It is not so easy to get to Djerba! I mean, you can fly if you want… but that would be too simple. Imagine a camel caravan, or for that matter even crazy long day in a rental car, not finding a gas station for a frighteningly long time, then crossing a ferry behind a truck full of sheep headed to a date with Eid…
Djerba has been a pilgrim’s destination for over two millennia. Wikipedia tells the whole story better, but imagine at least this much: in 586 b.c., when Nebuchadnezzar razed Solomon’s temple in Jerusalem, a group of Jews escaped – to Djerba. They were called the Kohanim and had worked in the temple. They brought a door from the temple and used it to build El Ghriba Synagogue.
Pro tip: Don’t trust Google Maps to get you there. We did, and ended up on a goat trail that led to the (well-guarded) rear wall of the compound. It’s not hard to find, compared to some of our other destinations on this trip – and there were tour buses pulling up, making it one of the most populated sites we visited too.
There were two halls inside the synagogue, the first more ample and with taller ceilings, all done up with tiles and stained glass. There were repeating star patterns in the tiles but, I was surprised to see, none with six-pointed stars. All the stars in the tiles had eight or sixteen points. I don’t know if that matters, architecturally or timeline-wise, but then I don’t know anything about Jewish iconography, either.
Then there was a smaller, more intimate space outfitted for rituals. Hundreds of pieces of flattened tin stamped with Hebrew letters hung on the walls, below ornate chandeliers and ceiling medallions, and there were canopies around a central apse of some sort, and just a profusion of color. A guide was giving a tour in English but he didn’t give much more information than what you can read in the photo below, about the establishment of the synagogue.
If you go, remember not to wear shorts or tank tops, and to bring a head covering. They have some there, too, for the inevitable Western tourists who are practically naked by local standards!
After marveling at El Ghriba, we went onward to Djerbahood. When Ramon and I were pretty new to Tunisia, but established enough to have a coffee table, Ramon bought me a coffee table book:
In 2014, street artists from all over the world came to Djerba, an island off the coast, to decorate this town’s white plaster with every manner of mural and appliqué and stencil and sculptures… in short, all the best guerrilla or street art you can imagine, in one small island town, in an event called Djerbahood. Ever since living in Bogota and taking a tour of graffiti given by the artists themselves, I’ve been keeping my eye on street art. So I have been waiting to come to Djerba almost as long as I’ve been in Tunis.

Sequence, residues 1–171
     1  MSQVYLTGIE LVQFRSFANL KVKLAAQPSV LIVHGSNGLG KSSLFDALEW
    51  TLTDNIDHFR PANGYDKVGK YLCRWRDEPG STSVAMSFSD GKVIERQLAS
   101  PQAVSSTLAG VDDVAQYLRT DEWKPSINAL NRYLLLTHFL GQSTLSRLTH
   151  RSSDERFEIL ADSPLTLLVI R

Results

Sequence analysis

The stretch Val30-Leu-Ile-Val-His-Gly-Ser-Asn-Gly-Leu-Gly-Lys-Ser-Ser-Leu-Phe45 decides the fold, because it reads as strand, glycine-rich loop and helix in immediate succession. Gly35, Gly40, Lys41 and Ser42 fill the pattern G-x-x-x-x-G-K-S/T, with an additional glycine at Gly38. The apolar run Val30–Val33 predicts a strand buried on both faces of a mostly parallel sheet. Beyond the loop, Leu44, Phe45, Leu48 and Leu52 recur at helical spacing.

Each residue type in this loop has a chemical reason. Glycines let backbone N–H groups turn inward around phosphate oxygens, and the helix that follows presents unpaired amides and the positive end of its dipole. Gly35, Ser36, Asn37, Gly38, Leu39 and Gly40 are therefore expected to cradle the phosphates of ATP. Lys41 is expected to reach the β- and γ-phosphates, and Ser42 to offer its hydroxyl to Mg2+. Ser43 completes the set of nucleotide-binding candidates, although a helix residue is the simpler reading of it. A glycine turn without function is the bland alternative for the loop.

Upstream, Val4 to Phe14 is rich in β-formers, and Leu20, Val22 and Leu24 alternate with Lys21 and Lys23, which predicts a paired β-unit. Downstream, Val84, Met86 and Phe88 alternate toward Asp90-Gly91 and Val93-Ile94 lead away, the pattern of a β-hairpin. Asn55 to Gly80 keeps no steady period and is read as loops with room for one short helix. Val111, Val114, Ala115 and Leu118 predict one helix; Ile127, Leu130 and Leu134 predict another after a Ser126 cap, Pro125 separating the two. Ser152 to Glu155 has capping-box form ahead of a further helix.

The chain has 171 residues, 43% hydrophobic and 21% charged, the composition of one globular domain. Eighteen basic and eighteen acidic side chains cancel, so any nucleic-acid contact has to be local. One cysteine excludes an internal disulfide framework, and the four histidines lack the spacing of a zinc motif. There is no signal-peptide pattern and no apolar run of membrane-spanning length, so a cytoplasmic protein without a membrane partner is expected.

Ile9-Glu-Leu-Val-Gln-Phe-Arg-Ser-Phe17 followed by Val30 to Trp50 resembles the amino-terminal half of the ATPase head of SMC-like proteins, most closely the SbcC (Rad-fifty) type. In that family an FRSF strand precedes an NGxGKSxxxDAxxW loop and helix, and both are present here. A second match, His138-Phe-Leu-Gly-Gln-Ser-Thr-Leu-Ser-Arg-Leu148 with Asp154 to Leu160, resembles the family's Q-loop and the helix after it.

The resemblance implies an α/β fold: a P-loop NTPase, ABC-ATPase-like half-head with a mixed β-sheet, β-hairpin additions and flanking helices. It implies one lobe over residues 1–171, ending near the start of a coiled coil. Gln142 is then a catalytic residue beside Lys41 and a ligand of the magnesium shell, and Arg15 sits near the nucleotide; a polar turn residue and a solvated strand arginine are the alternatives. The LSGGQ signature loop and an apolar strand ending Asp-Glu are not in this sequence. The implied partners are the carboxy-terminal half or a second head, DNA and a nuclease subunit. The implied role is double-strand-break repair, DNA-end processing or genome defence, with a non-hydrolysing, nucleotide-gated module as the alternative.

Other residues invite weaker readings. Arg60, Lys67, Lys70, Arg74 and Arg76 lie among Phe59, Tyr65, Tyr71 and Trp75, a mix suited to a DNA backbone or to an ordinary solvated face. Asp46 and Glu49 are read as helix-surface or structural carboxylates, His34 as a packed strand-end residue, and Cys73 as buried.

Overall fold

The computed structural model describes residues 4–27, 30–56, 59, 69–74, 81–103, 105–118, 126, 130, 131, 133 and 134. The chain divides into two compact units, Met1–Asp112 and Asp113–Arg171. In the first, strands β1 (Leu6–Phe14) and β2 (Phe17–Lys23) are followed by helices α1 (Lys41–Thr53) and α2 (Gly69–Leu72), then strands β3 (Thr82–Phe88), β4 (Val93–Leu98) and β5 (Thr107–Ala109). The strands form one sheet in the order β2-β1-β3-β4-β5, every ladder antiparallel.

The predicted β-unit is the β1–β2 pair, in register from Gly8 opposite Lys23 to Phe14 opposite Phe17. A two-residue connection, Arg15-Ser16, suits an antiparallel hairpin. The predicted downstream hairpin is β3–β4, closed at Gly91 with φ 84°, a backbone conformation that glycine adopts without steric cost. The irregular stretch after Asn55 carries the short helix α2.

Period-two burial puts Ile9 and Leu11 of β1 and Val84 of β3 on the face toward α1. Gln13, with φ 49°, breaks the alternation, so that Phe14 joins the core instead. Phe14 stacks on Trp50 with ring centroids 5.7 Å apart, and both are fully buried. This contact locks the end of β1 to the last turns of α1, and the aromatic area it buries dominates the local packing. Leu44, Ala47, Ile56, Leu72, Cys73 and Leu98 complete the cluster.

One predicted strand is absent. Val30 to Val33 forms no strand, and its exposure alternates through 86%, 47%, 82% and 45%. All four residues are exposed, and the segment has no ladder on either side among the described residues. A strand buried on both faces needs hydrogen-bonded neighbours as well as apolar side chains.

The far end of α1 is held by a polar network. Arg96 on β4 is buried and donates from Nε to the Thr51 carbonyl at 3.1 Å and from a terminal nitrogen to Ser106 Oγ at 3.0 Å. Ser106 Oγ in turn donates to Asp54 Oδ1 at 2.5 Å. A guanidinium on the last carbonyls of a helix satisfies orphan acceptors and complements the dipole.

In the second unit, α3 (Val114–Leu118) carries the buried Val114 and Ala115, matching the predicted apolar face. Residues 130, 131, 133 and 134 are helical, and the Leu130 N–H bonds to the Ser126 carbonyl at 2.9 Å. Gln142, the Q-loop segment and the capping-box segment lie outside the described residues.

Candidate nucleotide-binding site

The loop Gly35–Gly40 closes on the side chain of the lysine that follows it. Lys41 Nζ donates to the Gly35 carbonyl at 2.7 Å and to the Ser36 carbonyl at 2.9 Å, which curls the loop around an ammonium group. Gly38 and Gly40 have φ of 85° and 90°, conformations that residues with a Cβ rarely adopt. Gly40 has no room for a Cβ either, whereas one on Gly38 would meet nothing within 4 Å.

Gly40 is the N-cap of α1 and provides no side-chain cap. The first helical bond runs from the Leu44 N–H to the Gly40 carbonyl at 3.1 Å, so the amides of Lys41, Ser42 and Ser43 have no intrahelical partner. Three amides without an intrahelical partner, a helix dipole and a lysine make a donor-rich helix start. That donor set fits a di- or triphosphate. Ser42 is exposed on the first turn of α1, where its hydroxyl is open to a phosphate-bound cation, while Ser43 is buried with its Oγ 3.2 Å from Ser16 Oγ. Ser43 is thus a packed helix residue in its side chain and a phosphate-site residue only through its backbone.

I didn’t know if we’d be able to find the neighborhood with the murals, or if they’d even still exist. I was hoping I wasn’t leading Ali into a long, hot, unrewarding walk through unshaded streets under the punishing sun. Turns out there was not much risk of missing the artwork. In fact, in April, 2022, artists returned for another round of painting. Based on the website, I’m putting in as many artists’ names as I can find, and tagging them in the blog. I hope they see how much we loved their work!
Even the unrelenting sun didn’t stop us. Around every corner was another scene, another artist, sometimes work by artists we’d seen earlier in the walk, other times completely unfamiliar styles. There is a Djerbahood website and video and it was clear we didn’t see even the half of it! There are over 200 works of art!
My insufficient attempt to share all this with you
Since seeing the website, I’ve realized how meager my Djerbahood photo collection is, but I’m going to do my best to share it, with the hope I can do right by the artists. I also hope some intrepid travelers will want to come and visit Djerba, and Tunisia all around! Djerba itself is quite far off the beaten path and all the more special because of it. And you won’t see such a collection of outside art anywhere.
There were loads of styles and subjects – photorealist, color blockers, black and white stencilers, the ones with writing in Arabic, the geometric ones, portraits, still lifes, but also pottery, sculpture, and little signatures repeated on different blocks, especially above and below eye level:
I loved the repeats: it made me feel like I was in with the cool kids:
It just keeps going, and you never know what you’re going to see next. Even in that heat, I couldn’t get enough.
Here’s a selection of black-and-white (and gray) murals and one in forged iron:
And another selection, this one of animals:
There’s definitely more!
And here’s a bunch of murals of people:
These are a few still lifes and geometric ones:
Djust enDjoying Djerba
The town itself is adorable, with little coffee shops and boutiques, and of course cats, all set against the sea, where we spent an afternoon relaxing after seeing all this gorgeousness. We needed a little time floating in the Med to soak it all in…
Till next time! There’s still more to see from our trip…